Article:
An openly developed air monitoring device in an egg-shaped package raises a question. Can science work at public demand, or do scientists determine what people need?
In the case of the Air Quality Egg, the public won the tug-of war.
From start to finish, the project has been completely open: Anyone could participate, anyone could draft ideas and anyone could fund the project.
A community effort composed of people across the world built the sensor using preexisting, open source technology. Most worked in their spare time, contributing whatever expertise or elbow grease they had.
The result was a sensor that collects air quality data outdoors coupled with an egg-shaped base station that stays indoors. The two communicate wirelessly and the base station transmits air quality data onto a free online database in real time. That’s all in a package that costs $185.
The project started when Ed Borden, the lead organizer, began engaging people through an online social network while working for a company called COSM, which enables tech startups. “As part of my role there I’d been building this in-person community using Meetup,” Borden said.
Meetup is an online social network that aims to get people face to face. Instead of chatting online about cats, or being 50 and single or even air quality, the site acts as a catalyst to get enthusiasts together in person.
Borden started a group called Sensemakers in 2010. In October of 2011 people started meeting in person. The project took off with meetings in New York City and Amsterdam to draft ideas, test and build the package. “Our goal was to put something out that was very active and could get people interested in this issue that affects all of us,” Borden said.
Borden said each meetup focused on certain decisions that needed to be made. For instance, the group had to decide how the package would look. Borden didn’t care about form. He just wanted it to get it onto the market quickly, but industrial designers in the group wouldn’t let that fly.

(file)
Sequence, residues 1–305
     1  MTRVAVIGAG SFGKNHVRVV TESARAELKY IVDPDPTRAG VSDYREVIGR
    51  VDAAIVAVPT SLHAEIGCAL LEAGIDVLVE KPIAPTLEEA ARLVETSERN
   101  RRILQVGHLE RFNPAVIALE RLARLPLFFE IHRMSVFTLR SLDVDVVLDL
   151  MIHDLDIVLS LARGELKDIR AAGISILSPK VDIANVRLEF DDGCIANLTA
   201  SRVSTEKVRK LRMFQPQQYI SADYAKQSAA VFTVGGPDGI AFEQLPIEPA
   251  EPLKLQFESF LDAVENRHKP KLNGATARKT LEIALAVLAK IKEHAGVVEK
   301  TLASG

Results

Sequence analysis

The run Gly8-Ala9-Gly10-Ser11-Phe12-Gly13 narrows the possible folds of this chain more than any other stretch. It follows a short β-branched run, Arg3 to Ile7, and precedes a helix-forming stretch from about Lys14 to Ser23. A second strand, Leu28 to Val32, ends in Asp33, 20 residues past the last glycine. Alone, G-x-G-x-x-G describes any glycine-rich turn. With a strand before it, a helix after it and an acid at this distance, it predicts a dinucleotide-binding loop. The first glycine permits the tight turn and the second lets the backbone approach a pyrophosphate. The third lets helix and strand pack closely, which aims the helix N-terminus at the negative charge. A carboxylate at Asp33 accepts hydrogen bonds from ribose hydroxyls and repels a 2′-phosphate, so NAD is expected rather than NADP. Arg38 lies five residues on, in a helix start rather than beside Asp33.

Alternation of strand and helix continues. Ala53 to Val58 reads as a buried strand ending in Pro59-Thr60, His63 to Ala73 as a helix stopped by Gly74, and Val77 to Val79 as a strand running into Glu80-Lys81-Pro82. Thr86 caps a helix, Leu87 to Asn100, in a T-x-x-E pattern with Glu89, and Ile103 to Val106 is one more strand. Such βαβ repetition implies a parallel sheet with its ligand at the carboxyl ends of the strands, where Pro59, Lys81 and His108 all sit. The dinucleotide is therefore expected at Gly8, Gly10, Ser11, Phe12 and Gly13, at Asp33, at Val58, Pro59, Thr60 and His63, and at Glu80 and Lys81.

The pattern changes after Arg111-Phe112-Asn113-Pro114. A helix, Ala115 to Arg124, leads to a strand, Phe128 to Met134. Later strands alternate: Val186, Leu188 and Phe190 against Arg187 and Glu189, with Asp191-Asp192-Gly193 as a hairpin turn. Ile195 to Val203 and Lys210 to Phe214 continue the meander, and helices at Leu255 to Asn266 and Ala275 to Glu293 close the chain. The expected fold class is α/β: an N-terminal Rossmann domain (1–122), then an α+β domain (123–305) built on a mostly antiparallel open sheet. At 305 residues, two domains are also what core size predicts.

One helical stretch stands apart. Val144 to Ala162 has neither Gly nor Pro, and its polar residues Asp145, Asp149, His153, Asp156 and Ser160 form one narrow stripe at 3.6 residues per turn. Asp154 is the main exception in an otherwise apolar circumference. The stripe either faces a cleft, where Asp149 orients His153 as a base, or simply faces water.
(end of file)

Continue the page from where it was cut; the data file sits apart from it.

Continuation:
“I didn’t even want to make the egg shell,” Borden said. “I thought it was a waste of time and resources. I said, ‘Let’s put it in a freaking Tupperware box.’”
Incidentally, a video covering one meeting shows the sensor package installed in a small ice cream container obtained from a shop down the street from the gathering.
Preexisting technology enabled the Air Quality Egg’s quick development. The sensor package starts with an Arduino microprocessor designed for a variety of custom DIY computing needs. Developers then integrated coupled carbon monoxide, nitrogen dioxide, temperature and humidity sensors designed for the auto industry.
Once the group had a working prototype, they continued their open source methods by crowdsourcing funding to produce the Eggs. The group asked for $39,000 total to fund the project through a Kickstarter campaign. They hit their goal in five days and ended up with more than three times the requested amount when the 30 day campaign closed.
“I think it just says this is an issue that’s important to people and they want to be involved at some level.” Borden said.
The Air Quality Egg is now in production through a contributing company called Wicked Device. About 400 have been built and shipped to people across the world. A total of 1,200 were ordered so far.
Despite success and popularity of the egg, the speed and method of development and release limited its capability.
Borden unabashedly said he knows scientists would not consider the monitoring device accurate enough for their studies. He said the device only detects pollution when it gets to higher levels and does not pick up trace levels.
The package also can’t be calibrated. “Calibrating the sensor is something we didn’t know how to do at this price point,”Borden said.
Despite its low resolution and low accuracy, the sensor may provide some valuable information to average Joes, Janes and scientists alike. There is already a network of the sensors broadcasting information from countries across the world.
The data may not be the most accurate, but it may be enough to signal a need for further study in an area, or give its owners an inclination of whether or not to go running on a smoggy summer day. And, of course, there’s always room for more contribution and improvement from anyone interested.